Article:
After a long time in the planning stage, my son Adam and I began work on a tiny house in 2022. While it was possible to purchase small, modular shower pans and enclosures, small soaking tubs were virtually impossible to find. I’ve built several small boats using wood and WEST SYSTEM® Epoxy, so it occurred to me that building a small tub might be possible.
The weekend before our wedding, my husband and I bought our S2 7.9 meter sailboat. She was exactly what we were looking for, a trailerable racer/cruiser that was a diamond in the rough. Over the past nine years, we’ve made many improvements, the latest of which was building a custom fiberglass and carbon fiber rudder support, or as I nicknamed it, a rudder hook. Read on to see how (and why) we made it.
When we purchased our 2006 Winnebago® RV, we knew we would need to complete some repairs. We never imagined the back wall would need to be removed and rebuilt from the ground up. One of the edges of the back wall was compromised which allowed water to penetrate the wall and eventually saturate a majority of the plywood within. After determining that the damage was too great to spot treat/repair, we began the process of removing the wall.
After 20-plus years of vibration and pounding on the water, the molded plastic console on my 2001 Lund® boat was riddled with stress cracks and broken pieces. All of the fastener-mounting points were stripped out or broken. As often happens with older boat components, replacement parts were no longer available. I’d have to repair the console myself.
I’ve been restoring an MFG 15. The transom was made up of one very thin fiberglass hull transom sandwiched between two ¾” mahogany layers and bolted together. I chose to reinforce the fiberglass transom with 12 oz. fiberglass. I also laminated the backside of each mahogany layer piece with 6 oz. fiberglass, and the front (exposed) side with 4 oz. fiberglass.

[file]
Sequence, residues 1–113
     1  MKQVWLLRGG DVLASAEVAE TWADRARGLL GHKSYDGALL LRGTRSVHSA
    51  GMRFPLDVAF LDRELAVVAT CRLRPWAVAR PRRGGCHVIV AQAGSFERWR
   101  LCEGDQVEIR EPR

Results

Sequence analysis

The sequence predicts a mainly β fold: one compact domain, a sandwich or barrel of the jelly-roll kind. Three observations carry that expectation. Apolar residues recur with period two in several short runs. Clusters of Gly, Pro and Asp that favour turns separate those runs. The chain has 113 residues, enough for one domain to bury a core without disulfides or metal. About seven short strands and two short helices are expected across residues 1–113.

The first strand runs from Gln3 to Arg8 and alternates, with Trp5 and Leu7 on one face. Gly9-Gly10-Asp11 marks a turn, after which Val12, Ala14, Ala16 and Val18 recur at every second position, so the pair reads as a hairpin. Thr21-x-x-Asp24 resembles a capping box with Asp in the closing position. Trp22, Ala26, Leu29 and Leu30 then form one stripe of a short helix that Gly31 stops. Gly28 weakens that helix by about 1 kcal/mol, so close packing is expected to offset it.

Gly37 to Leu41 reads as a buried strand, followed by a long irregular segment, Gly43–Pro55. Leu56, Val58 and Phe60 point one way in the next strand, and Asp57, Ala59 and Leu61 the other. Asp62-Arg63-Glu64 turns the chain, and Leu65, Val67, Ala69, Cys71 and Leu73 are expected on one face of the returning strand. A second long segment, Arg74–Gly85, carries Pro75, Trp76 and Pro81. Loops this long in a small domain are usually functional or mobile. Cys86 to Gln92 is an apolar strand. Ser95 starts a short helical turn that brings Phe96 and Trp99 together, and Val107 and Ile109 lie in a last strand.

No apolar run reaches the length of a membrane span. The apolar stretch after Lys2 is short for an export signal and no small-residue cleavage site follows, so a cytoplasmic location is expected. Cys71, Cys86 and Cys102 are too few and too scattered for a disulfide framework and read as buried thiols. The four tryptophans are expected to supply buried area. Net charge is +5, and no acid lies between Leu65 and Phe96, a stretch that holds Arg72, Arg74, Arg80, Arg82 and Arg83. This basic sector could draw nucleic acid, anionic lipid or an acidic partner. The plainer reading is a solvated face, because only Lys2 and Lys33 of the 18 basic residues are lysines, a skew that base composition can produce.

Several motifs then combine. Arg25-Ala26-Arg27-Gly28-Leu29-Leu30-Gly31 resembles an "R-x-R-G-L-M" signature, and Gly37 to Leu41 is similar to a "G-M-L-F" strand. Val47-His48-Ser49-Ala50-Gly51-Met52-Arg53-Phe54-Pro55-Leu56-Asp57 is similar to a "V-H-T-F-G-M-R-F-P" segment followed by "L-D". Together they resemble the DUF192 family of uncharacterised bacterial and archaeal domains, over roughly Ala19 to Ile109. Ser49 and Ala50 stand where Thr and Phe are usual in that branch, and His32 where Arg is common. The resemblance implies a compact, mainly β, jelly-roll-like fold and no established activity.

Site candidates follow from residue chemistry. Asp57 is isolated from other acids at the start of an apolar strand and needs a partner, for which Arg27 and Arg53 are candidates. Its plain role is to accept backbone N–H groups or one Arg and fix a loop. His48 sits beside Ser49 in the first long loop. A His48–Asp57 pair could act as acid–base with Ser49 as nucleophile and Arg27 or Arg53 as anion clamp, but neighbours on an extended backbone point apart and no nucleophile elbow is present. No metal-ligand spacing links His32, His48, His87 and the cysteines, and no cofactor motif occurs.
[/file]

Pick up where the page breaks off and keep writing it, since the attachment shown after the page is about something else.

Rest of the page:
Featured image (above): A scrap of curved fiberglass panel was the perfect piece to extend the nose of the car body to match the new profile.
Creating things has been a passion of mine over the years, and I continue to improve my skills and grow more proficient at building composite parts. I also enjoy the challenge of helping others create one-off composite parts. I’m happy to share some of the materials and techniques I’ve used over the years to build composites with WEST SYSTEM Epoxy and provide an example of a recent project. Continue reading →
There is only one solution that comes from the ache of seeing iceboats ripping around on Mona Lake all your life: give in and buy one. If the thrill doesn’t quite meet expectations, build one that will be faster.
Pat Filius has lived 20 years on a now-flooded celery flat fed by Black Creek, the main tributary of Mona Lake in Norton, Michigan. In 2014 he bought his first iceboat for $400. Sailing it just once was enough to convince him that he wanted a faster boat. Continue reading →
Carbon fiber has very high strength-to-weight ratios and higher stiffness compared to many other reinforcing fabrics. These special properties make it ideal for applications in aerospace, automotive, military, and even sporting goods. When combined with a WEST SYSTEM Epoxy it can be used to build high-end composite parts. Continue reading →
I was talking to my friend Blake Rivard about doing something different for his motocross bike. We settled on a carbon fiber airbox (air filter cover). On his bike, the airbox sits just below the handlebars where the gas tank usually is. I started with removing the plastic piece and cleaned it so no dirt would be present in the final product. The original airbox would serve as a mold for the finished piece. Continue reading →